Michael, why do you say 'experts argue that the procedure becomes problematic once a boy is old enough to decide'? Brian Morris is not an expert on circumcision, he's a highly biased advocate, there's a big difference. He's got no medical qualification whatsoever, and until recently has been in close contact with Vernon Quaintance another self styled circumcision 'expert' who has just be convicted for possession of child pornography in England. Here are the inconvenient facts: millions of adult circumcisions are currently being done by doctors and nurses in Africa and the latest techniques mean it can be done in 10 minutes with a local anaesthetic. Sure, a man may vocalise his pain of healing more than an infant. But the latest neuroscience studies tell us that infants actually feel pain a whole lot more - their developing nervous system has no way of damping it down, they internalise it and are profoundly damaged (see www.wellcome.ac.uk/News/2009/Features/WTX054083.htm ) Moreover adults get adequate anaesthetic during surgery (and it stops if they say i feel pain) and strong analgaesics afterwards - infants rarely do. To suggest that a man's vocalisation of his discomfort in a chosen circ as a serious issue which means we should never circumcise men but only force it on children, is patently absurd. To suggest that a man is more vulnerable to a circumcision infection or haemorrhage than a newborn infant is equally absurd: a newborn can die from the loss of not much more than 2 tablespoons of blood (this is easily released by circumcision surgery which targets one of the most vascularised parts of the body) which would not show outside a nappy. Death from post circumcision haemhorrage is depressingly frequent even in the Western world although not all make the newspapers. Likewise infection - a baby has little defence against even common bugs - and you want to cut his genitalia leaving a wound which will be urine and faeces soaked over and again for the ten days it may take to fully heal.. Is a man's circumcision wound likely to be soaked in his faeces day after day? Not in the world i live in... Finally surgical accidents. The glans of a newborn is minute and fused to his foreskin - and yet you think it is less 'problematic' to operate on this organ (which cannot be visualised) than the vastly larger one of a man in whom the foreskin is also mobile so easier to target without mistake. It's depressing that posters like me keep having to bring a bit more reality into this debate and that the press are so determined to avoid inconvenient but self evident truths.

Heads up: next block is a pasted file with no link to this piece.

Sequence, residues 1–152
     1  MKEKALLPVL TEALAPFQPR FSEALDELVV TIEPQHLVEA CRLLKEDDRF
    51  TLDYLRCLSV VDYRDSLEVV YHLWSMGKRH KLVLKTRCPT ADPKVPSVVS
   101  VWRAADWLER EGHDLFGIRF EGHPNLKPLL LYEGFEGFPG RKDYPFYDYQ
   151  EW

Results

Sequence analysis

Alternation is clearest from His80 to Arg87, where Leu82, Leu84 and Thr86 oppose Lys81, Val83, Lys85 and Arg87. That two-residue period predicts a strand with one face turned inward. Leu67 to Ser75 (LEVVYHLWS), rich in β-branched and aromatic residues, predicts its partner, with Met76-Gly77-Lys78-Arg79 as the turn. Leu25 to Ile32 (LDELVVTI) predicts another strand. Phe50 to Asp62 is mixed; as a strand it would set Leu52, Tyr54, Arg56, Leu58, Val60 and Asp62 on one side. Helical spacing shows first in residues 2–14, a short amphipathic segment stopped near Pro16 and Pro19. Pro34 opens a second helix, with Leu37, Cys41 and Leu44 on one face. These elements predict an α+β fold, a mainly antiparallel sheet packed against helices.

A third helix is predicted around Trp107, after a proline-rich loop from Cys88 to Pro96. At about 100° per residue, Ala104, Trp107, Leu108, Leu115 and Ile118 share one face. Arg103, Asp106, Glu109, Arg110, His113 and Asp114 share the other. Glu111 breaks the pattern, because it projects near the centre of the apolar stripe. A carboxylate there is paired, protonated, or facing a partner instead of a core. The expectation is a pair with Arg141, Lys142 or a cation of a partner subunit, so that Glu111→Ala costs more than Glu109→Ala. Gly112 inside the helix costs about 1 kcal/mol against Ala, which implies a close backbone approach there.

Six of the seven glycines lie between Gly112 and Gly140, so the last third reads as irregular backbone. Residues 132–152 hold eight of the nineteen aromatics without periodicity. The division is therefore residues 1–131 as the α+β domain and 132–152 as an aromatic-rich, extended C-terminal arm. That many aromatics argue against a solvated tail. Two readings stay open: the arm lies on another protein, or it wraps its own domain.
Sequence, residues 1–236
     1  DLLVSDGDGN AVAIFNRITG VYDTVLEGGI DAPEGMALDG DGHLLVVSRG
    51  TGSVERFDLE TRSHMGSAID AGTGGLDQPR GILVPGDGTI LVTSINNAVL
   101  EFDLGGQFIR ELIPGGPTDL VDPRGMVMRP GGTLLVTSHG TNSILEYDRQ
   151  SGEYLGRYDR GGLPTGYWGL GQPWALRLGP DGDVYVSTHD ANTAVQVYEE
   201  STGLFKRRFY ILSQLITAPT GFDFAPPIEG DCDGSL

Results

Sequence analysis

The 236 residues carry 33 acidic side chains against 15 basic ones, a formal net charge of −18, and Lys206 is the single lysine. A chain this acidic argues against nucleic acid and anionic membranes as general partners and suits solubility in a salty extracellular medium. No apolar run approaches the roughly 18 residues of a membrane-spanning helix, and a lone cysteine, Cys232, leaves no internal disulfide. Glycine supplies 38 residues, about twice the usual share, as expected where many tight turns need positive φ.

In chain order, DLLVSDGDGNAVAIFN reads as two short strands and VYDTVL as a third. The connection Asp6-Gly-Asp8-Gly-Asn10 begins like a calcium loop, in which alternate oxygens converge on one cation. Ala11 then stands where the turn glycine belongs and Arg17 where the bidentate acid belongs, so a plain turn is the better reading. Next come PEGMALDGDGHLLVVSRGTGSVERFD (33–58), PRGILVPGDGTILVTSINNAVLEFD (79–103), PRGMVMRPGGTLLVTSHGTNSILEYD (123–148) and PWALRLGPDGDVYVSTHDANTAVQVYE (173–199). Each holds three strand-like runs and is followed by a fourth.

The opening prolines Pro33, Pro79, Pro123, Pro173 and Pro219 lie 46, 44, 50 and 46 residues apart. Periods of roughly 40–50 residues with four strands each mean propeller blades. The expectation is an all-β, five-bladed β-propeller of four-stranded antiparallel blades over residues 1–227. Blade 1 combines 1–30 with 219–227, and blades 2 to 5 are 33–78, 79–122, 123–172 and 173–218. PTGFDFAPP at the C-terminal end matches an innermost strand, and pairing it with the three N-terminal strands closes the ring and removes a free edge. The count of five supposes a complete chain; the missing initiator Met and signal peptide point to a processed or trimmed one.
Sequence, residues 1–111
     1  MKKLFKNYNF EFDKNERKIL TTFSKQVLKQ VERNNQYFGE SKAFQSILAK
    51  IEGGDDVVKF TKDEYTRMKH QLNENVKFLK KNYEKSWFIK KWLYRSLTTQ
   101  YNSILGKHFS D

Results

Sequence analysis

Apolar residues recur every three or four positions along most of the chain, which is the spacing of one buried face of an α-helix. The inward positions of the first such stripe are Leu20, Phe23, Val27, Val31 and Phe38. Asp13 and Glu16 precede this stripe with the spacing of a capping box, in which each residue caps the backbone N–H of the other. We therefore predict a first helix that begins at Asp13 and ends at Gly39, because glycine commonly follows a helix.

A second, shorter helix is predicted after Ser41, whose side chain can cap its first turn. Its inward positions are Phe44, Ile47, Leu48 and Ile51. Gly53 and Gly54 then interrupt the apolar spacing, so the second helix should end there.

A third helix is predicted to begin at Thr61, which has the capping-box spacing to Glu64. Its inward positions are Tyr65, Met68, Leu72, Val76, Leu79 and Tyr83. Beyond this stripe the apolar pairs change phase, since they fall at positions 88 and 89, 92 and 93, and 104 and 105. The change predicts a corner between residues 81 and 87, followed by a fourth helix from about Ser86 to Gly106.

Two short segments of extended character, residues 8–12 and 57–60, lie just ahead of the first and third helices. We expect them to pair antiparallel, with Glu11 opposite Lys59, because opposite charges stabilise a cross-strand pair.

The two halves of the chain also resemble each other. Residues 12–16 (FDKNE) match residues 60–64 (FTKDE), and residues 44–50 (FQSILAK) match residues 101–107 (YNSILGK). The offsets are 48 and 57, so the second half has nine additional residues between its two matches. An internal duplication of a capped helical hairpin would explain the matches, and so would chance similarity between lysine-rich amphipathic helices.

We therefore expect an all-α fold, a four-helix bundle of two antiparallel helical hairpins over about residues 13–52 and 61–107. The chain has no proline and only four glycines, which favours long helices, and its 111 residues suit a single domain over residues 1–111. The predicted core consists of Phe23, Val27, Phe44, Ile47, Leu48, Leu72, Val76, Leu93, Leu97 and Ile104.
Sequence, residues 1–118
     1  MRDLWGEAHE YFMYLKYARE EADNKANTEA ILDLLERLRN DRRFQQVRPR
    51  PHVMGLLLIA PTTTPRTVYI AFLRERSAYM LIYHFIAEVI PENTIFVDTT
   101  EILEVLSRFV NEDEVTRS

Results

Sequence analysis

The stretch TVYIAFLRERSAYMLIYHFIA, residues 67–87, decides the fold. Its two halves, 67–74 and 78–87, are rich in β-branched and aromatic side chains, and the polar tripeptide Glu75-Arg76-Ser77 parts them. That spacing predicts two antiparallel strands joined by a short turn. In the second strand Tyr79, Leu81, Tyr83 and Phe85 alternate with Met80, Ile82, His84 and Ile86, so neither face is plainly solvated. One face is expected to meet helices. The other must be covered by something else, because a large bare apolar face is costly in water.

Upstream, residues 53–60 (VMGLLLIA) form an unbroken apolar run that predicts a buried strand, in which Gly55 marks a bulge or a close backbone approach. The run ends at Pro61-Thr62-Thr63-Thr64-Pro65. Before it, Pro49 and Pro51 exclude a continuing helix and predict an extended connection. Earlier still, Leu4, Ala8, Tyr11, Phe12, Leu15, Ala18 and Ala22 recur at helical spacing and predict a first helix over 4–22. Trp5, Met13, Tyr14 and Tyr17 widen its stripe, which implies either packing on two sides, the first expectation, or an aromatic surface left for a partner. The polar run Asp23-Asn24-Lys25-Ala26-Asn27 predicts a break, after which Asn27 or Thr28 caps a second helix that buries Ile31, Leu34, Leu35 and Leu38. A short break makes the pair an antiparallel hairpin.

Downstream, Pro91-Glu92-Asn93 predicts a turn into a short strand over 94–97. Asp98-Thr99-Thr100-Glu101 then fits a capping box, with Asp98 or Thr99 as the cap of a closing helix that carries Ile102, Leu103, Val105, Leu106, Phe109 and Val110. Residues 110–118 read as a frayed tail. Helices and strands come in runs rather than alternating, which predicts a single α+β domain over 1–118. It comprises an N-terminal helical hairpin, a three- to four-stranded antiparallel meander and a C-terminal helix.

Laura MacDonald | 24 May 2012


Are you really arguing about equitable health funding? Why would we spend limited health dollars on operations that are at best unecessary, and at worst traumatic and disfiguring? What are we saying to a baby boy newly born into this world when we subject them to such brutal pain in the most sensitive part of their body just as they are adjusting to being the world? When my husband's generation of boys were thus disfigured it was without anaesthetic - tell the nurses who had to hold them down as they writhed and screamed that they were doing a favour to these tiny boys. Now, even with anaesthetic for the operation, they must live with a painful and sensitive wound as it heals. What permanent emotional and psychological scarring are we inflicting? If they choose as an adult to be circumcised, this becomes their business - as babies it is our responsibility to protect them from trauma.